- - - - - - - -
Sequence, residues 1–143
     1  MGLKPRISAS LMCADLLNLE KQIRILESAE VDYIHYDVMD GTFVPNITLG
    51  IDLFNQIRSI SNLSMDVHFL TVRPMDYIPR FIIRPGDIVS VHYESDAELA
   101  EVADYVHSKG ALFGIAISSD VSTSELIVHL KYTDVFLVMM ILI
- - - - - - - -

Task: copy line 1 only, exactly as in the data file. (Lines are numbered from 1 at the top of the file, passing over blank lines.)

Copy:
Sequence, residues 1–143